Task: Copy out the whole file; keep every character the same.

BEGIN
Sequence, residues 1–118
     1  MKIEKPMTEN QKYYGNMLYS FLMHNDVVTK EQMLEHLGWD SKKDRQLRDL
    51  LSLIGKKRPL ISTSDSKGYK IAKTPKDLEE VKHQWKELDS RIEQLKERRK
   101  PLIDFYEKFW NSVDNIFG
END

Sequence, residues 1–118
     1  MKIEKPMTEN QKYYGNMLYS FLMHNDVVTK EQMLEHLGWD SKKDRQLRDL
    51  LSLIGKKRPL ISTSDSKGYK IAKTPKDLEE VKHQWKELDS RIEQLKERRK
   101  PLIDFYEKFW NSVDNIFG